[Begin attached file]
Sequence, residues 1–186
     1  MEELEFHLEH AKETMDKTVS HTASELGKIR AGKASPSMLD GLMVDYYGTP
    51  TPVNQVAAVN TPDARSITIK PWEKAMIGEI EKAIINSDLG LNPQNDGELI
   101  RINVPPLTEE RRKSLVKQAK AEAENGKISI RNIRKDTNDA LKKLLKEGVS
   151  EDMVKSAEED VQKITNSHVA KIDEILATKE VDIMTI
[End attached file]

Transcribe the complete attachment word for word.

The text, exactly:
Sequence, residues 1–186
     1  MEELEFHLEH AKETMDKTVS HTASELGKIR AGKASPSMLD GLMVDYYGTP
    51  TPVNQVAAVN TPDARSITIK PWEKAMIGEI EKAIINSDLG LNPQNDGELI
   101  RINVPPLTEE RRKSLVKQAK AEAENGKISI RNIRKDTNDA LKKLLKEGVS
   151  EDMVKSAEED VQKITNSHVA KIDEILATKE VDIMTI